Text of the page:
Centuries haven't dimmed power of Belize's Mayan sites
02:19 PM CDT on Friday, June 16, 2006
By JAKE BATSELL / The Dallas Morning News
XUNANTUNICH, Belize From this panoramic perch atop a stone pyramid that looms over the Mopan River valley, you can see why ancient Mayan rulers stood here to feel closer to heaven.
The summit of El Castillo pyramid offers staggering views of Belize's lush, green jungles and hills. And surveying the plazas below, you can visualize crowds of Mayans watching their leaders perform god-appeasing rituals. Imagining scenes from more than 1,000 years ago is part of the intrigue while exploring the mesmerizing Mayan sites scattered throughout western Belize and eastern Guatemala.
Mayan culture flourished from 250 to 900 A.D., but its cities were abruptly abandoned, possibly because of a severe drought.
Today, the mysteries of Mayan society are sparking renewed interest from academia and popular culture. Discoveries by Southern Methodist University archaeologists, a recent Dallas Museum of Art exhibit and Mel Gibson's forthcoming movie, Apocalypto, all tap into the remnants of a fascinating civilization accessible to travelers who don't mind a little mud on their boots.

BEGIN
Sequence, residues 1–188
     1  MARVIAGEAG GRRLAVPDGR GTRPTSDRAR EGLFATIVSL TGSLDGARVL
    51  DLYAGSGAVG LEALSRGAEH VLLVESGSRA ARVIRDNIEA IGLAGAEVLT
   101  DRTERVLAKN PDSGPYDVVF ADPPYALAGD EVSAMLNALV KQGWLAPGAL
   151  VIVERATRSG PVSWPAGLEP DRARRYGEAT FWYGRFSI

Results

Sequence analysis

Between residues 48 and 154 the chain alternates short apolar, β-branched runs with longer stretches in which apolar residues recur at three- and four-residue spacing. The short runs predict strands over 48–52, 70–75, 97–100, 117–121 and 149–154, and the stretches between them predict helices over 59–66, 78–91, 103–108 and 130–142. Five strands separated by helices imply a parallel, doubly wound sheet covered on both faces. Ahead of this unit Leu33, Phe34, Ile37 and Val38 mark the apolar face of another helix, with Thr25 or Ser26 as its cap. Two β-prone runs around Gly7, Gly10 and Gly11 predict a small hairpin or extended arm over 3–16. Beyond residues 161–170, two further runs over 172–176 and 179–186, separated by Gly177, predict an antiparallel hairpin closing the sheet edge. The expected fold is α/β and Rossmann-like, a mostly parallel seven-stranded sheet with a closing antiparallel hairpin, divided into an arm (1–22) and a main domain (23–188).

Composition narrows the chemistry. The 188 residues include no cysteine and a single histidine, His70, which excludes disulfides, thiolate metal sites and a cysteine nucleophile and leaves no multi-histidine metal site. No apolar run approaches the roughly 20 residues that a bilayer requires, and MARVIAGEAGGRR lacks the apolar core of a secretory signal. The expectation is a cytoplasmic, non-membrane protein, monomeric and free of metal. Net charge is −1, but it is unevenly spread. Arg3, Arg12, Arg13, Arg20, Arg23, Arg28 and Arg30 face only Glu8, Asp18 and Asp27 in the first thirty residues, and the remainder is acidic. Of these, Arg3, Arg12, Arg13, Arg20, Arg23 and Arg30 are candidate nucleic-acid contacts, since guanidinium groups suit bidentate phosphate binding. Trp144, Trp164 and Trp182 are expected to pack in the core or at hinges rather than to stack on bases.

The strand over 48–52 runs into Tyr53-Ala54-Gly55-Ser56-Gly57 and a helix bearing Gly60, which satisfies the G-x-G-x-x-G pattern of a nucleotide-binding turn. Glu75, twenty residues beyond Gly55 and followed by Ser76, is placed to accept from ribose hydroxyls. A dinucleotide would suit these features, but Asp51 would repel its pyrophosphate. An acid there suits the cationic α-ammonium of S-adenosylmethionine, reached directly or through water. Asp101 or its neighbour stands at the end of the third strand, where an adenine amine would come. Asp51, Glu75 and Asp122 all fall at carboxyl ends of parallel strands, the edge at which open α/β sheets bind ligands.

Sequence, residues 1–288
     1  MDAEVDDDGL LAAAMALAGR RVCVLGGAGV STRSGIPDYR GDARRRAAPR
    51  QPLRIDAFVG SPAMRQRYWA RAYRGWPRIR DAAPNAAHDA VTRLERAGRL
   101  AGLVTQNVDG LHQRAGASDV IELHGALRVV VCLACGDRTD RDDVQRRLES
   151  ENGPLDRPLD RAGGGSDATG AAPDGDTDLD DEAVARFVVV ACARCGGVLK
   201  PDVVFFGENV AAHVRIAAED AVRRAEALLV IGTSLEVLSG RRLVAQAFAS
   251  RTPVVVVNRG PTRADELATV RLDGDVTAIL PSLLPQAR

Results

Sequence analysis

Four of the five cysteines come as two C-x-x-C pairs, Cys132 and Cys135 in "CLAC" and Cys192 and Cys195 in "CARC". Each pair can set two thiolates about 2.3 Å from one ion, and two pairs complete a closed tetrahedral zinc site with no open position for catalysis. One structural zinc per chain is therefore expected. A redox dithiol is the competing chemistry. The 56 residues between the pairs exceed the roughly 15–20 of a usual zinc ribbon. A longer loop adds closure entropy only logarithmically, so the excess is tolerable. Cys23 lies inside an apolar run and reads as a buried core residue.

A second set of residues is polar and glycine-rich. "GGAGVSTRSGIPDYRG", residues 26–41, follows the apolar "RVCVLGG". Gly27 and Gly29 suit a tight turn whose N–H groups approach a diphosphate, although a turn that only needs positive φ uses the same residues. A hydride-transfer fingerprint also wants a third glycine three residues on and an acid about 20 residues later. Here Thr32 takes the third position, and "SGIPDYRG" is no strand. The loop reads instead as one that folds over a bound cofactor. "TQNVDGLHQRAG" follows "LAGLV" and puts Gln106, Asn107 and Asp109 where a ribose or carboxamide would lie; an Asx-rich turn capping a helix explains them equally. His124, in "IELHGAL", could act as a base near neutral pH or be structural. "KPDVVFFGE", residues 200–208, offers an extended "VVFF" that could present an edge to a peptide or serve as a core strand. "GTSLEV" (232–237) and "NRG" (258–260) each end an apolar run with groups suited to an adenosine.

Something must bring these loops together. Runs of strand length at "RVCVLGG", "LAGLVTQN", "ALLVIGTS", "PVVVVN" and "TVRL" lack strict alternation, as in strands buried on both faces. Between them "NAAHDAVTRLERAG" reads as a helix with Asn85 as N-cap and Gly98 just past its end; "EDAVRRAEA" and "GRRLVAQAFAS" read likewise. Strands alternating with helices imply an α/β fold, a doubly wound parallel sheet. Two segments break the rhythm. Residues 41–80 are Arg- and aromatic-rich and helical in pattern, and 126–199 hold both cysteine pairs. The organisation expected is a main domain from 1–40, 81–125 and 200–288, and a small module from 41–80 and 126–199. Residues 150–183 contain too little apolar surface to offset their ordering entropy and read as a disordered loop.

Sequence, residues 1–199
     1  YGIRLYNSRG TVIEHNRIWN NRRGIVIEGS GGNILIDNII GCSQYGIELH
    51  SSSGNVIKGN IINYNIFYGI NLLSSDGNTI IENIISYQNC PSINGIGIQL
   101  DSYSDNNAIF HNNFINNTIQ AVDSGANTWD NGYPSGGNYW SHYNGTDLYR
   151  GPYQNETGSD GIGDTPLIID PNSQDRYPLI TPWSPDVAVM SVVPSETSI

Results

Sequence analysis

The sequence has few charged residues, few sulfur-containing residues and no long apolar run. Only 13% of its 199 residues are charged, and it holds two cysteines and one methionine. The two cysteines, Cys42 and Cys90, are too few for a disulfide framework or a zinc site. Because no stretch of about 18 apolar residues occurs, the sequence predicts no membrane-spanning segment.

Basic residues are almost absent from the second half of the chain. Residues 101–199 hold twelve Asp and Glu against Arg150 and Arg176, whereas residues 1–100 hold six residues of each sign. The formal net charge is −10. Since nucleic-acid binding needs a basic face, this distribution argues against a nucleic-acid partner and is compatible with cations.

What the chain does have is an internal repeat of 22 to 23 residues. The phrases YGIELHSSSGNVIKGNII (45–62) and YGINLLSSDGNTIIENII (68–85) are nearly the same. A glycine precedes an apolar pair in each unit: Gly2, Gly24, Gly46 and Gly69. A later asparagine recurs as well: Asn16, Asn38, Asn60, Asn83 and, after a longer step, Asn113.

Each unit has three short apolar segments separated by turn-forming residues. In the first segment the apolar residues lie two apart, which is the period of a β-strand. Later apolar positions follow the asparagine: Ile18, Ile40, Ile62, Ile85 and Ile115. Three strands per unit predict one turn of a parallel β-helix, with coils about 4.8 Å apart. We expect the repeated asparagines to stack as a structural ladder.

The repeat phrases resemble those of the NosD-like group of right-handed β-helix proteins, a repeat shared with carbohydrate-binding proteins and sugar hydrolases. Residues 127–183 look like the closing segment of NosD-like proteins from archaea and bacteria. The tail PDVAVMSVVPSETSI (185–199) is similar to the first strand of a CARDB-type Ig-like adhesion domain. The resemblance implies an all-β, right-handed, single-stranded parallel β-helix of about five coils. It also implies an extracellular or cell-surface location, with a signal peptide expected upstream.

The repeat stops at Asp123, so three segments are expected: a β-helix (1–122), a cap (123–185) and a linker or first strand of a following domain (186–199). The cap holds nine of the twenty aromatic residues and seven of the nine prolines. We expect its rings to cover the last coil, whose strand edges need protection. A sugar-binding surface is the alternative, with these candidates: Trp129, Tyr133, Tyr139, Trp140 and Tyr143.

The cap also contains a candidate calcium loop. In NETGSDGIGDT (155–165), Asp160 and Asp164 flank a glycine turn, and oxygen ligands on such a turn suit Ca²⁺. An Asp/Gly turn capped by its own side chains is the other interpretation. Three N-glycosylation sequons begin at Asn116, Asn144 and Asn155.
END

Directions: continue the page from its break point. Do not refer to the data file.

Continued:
The Mayans divided their universe into three realms: heaven, earth and the underworld. Our trip in May, based at a jungle resort in western Belize's Cayo District, offered glimpses into each.
The Mayans' grandest architectural feats were the stone temples that they believed brought them closer to the gods literal stairways to heaven.
These temples, palaces and pyramids are impressively clustered at Guatemala's most famous Mayan city, Tikal, a popular day trip from western Belize.
Tikal's imposing gray towers, jutting above the ancient complex's rainforest canopy, look somehow familiar. Our guide, Ruben "Chino" Lopez, reveals why: Scenes from the original Star Wars were filmed here. (Tikal was the rebels' clandestine base in "Episode IV: A New Hope.")